Denton: Magic-Knicks Postgame Analysis

By John Denton
March 23, 2011


  • Howard made his case for being the best player in the game with an effort on national television that the basketball world likely won’t soon forget. He scored almost every time he touched the ball, missing only two shots and two free throws all night long.

    When the Magic started getting a little sloppy offensively in the fourth quarter, Howard looked at his teammates and mouthed a not-so-subtle plea: ``Get me the ball.’’

    And he routinely made the Knicks pay from that point, hitting nine free throws in 10 tries, scoring on Shawne Williams with ease and dishing to Turkoglu for a wide-open 3-pointer.

    ``I tried to block a few shots, stay in front of my man and dominate the paint,’’ Howard said. ``We started pounding the ball inside and made them play defense. I was able to kick it out for some 3-pointers and we made our free throws, too.’’

  • Nelson seemed to pick up where he left off on March 1 when he scored 23 of his 26 points in the second half of a Magic victory, scoring 12 first-half points. He had the Magic’s first points of the game on a 3-pointer and the last points of the first half on a 35-foot 3-pointer with a second left before the buzzer.

    And Howard had it rolling on the inside in the first half, scoring at will against Rony Turiaf. Howard made seven of his nine shots with four of those shots coming on left-handed hooks and finger rolls.

  • After a rough stretch a couple of weeks ago, Turkoglu and Bass have broken out of mini-slumps by playing much more aggressively.

    Turkoglu is no longer passing up open shots and is looking to attack when he comes off screen-and-roll plays. And the Magic have convinced Bass to use his quickness and explosiveness to get to the rim more. He did just that on Wednesday night, making all nine of his free throw attempts.

    ``Brandon worked really hard guarding Amare and I said something after the game in the locker room and he asked, `Was it my defense or did he just miss shots?’’’ Van Gundy recalled. ``I really like that Brandon is getting to the free throw line more now. That really helps us too because he’s one of our best free throw shooters.’’


  • When Van Gundy spoke to ESPN at the end of the first quarter, he could see that trouble lie ahead for the Magic considering how they were defending. ``I’m not really pleased with anybody right now,’’ Van Gundy said at the end of the first quarter.

    The Magic gave up 59 first-half points because they had a tough time running the Knicks off the 3-point line. New York gives teams problems with Anthony’s post-ups and Stoudemire’s rolls to the basket off picks, but the Magic gave too much space to Billups, Toney Douglas and Roger Mason at the 3-point line in the first half.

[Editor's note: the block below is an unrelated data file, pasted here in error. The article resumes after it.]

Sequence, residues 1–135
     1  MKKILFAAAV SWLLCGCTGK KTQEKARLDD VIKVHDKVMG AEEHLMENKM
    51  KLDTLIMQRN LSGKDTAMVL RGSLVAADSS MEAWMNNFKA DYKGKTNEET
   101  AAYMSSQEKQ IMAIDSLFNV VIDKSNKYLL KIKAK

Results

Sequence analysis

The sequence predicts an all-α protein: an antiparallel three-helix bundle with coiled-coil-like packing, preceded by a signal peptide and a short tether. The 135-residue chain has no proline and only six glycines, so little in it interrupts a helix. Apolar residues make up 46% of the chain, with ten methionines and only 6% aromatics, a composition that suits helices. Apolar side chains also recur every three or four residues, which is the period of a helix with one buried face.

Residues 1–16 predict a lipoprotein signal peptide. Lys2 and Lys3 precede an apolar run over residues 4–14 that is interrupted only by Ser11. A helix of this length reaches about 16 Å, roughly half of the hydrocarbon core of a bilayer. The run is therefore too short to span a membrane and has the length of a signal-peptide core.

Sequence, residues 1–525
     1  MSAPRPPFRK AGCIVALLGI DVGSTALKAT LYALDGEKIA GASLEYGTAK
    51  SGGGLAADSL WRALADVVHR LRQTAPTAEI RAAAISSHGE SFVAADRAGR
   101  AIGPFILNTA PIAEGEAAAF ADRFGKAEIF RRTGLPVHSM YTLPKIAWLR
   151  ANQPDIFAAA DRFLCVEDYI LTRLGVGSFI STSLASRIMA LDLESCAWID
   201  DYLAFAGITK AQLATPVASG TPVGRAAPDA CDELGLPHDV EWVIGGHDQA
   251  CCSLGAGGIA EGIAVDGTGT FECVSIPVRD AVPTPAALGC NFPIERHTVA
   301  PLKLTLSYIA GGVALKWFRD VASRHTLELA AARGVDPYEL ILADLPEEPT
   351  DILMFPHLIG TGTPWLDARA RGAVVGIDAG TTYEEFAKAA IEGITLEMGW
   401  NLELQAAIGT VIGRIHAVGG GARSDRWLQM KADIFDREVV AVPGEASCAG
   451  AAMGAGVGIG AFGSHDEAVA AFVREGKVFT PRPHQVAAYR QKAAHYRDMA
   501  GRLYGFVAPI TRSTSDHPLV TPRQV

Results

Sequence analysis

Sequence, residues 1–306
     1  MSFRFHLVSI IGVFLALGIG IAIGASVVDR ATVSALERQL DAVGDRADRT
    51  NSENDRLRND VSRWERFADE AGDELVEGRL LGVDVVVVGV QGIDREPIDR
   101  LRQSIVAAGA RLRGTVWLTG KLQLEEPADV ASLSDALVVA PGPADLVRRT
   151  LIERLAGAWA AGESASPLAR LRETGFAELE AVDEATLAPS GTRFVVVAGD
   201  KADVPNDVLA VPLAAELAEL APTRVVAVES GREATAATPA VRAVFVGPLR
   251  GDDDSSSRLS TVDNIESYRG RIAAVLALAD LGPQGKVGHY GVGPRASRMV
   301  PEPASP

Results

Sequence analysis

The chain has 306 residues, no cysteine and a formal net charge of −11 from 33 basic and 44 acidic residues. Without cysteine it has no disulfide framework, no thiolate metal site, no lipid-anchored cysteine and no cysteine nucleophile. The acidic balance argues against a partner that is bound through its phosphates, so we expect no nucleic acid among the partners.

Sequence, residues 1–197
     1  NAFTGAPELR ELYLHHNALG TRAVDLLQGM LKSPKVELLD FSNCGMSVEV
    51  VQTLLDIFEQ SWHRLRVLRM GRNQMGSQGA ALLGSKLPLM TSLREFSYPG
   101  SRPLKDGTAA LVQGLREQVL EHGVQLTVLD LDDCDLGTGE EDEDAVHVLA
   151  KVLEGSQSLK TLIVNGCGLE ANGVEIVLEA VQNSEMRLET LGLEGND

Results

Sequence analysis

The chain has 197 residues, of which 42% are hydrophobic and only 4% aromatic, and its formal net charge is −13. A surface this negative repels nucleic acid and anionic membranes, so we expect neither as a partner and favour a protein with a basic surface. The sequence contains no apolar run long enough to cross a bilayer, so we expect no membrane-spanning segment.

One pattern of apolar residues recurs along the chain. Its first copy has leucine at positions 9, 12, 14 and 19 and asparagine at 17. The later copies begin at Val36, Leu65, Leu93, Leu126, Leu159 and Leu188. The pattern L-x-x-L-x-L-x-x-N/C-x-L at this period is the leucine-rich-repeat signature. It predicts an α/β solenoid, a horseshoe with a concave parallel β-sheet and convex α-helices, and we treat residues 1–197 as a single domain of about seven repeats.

Orlando led by as much as 10 points late in the first period when it went to its bench and got little production. The Knicks, meanwhile, got 10 points from Douglas and two 3-pointers from Mason to allow New York to take control in the second period.

    ``We came in at halftime and wrote the things on the board that we thought were important before the game and asked them how many of the things they thought we had done hard and well,’’ Van Gundy said. ``After that, we went out and just played harder. We made no X and O adjustments at all.’’


  • Much has been made of late of the Magic’s turnover issues – and rightly so considering that they have turned the ball over 72 times in the four games prior to Wednesday night. But not all of the turnover woes are ball-handling issues.

    Because the Magic base more of their offense around a center than any other team in the league, some of the turnover issues are with three-second violations, moving screens and battles in the post. For example, two of the Magic’s first turnovers Wednesday night came on three-second calls against Howard when teammates didn’t find him on post-ups.

    The Magic had 15 turnovers on Wednesday with just five of them coming in the first half.

  • Howard’s prowess with his left hand is surprising to some, but the Magic’s center says it’s because he ``grew up left-handed.’’ According to Howard, he did everything athletically as a child left-handed.

    But that changed in the eighth grade when Howard went up for a dunk and was undercut and fell on his left wrist and broke the joint. That time of not being able to use his left hand taught him to learn to shoot right-handed.